This past week the student ministry at the church I just started serving with in October had the chance to put on their very first Honor Banquet. After all was said and done, I could not have been prouder of our students and adult leaders. The banquet was executed flawlessly and those who attended had nothing but praise for the students who waited patiently and attentively on everyone in attendance, going out of their way to make sure everyone had a great time.
More importantly the students had a chance to express a great and emphatic “Thank You” to all the members of our church who have given so much over the years and acknowledge that without the senior adults’ contributions to the church in years past there would be no church here today.
This has been the seventh year I have been able to lead a ministry in doing an Honor Banquet and it gets better every year. If you are a youth pastor our a student ministry leader let me encourage you to take time to honor those in your congregation that have done more than you can ever know to serve the kingdom.
You won’t regret it
As I was driving around the other day I began to think about fatherhood. My two oldest children will turn 12 in a couple of days and it has me in a reflective state of mind.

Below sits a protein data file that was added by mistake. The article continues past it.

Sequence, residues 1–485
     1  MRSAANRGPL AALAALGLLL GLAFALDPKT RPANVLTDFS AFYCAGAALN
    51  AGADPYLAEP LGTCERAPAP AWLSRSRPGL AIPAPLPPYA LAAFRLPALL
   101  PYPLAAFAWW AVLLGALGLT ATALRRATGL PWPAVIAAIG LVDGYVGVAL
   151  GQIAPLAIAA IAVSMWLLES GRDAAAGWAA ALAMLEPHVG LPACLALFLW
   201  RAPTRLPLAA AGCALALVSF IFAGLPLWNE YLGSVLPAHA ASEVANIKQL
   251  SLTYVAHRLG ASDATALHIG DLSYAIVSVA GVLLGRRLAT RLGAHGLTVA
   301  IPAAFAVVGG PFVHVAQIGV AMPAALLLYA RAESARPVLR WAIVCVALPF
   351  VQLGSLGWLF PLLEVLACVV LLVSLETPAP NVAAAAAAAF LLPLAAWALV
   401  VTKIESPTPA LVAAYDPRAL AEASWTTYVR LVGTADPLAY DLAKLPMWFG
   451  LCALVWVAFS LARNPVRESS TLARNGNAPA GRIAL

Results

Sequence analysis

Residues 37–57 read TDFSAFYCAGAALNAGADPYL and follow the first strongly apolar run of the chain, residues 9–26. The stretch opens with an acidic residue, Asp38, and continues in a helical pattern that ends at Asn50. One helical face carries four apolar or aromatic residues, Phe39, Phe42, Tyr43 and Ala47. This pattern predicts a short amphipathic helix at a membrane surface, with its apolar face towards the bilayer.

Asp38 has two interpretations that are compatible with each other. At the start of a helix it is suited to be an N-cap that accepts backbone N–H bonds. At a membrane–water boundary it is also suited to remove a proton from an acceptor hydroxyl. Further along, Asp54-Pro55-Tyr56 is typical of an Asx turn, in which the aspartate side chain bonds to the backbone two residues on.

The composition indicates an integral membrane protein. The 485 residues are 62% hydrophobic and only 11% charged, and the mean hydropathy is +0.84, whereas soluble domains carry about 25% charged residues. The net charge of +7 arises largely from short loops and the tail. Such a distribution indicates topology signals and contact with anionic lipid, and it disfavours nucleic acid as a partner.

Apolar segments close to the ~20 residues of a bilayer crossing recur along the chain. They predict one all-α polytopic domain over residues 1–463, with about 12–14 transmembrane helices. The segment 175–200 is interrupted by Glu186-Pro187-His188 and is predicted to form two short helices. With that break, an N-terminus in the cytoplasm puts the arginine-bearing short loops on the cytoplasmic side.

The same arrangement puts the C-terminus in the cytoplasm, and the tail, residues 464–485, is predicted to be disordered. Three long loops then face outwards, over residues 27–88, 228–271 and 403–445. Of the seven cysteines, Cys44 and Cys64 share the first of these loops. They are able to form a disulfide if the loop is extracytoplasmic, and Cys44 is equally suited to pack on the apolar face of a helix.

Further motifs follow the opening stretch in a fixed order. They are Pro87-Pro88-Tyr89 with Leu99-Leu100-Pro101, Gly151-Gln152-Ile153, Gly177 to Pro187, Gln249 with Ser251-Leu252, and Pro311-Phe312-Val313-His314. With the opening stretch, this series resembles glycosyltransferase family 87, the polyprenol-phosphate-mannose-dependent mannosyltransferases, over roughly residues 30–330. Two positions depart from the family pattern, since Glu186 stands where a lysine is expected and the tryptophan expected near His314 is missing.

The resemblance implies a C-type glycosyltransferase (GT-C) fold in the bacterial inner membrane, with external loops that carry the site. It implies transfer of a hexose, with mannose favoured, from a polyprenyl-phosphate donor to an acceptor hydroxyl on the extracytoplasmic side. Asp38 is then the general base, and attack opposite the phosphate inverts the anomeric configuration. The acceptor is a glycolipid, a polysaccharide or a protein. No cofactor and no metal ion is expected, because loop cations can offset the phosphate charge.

Here are these two pre-teens that I have nurtured and disciplined, loved and cherished for the last twelve years and I the question that comes to my mind is “Am I doing a good enough job?”
Of course only time will answer that question but it is one worth thinking about (and one that more parents should consider) because if we don’t take pause to evaluate what we are doing we can never improve.
So I began considering our Heavenly Father.
And I came to a very quick conclusion
I do NOT want to raise my children the same as God raises His!
I know that is shocking but hear me out.
I have a few goals as a parent. These goals are modest and are by no means revolutionary and most parents would probably agree that they are sensible. In addition, there are traits I want my children to develop but these traits are not the goal they are a means to an end. A few of these traits are
1. I want my children to grow in their faith
2. I want my children to learn to think for themselves
3. I want my children to become responsible
I nurture my children and discipline them in order to teach these traits. Eventually, the application of these traits will lead to the accomplishment of the goals I have.
1. My children will become self sufficient, independent adults
2. My children will establish their own lives
3. My children will have their own families
My goal is to raise my children and send them out.
Our Heavenly Father does not have the same goals
Yes He disciplines us
Yes He nurtures us
Yes He teaches us to be strong minded
Yes He teaches us to be responsible
But His GOALS? They are NOTHING like mine.
God does not raise His children to be independent nor does He raise them to establish themselves apart from Him. No, quite the opposite, everything our Father does is to make His children MORE dependent on HIM and to bring ALL of His children BACK to HIS home.
Earthly fathers raise their children to send out. Our Heavenly Father raises His children to be drawn back in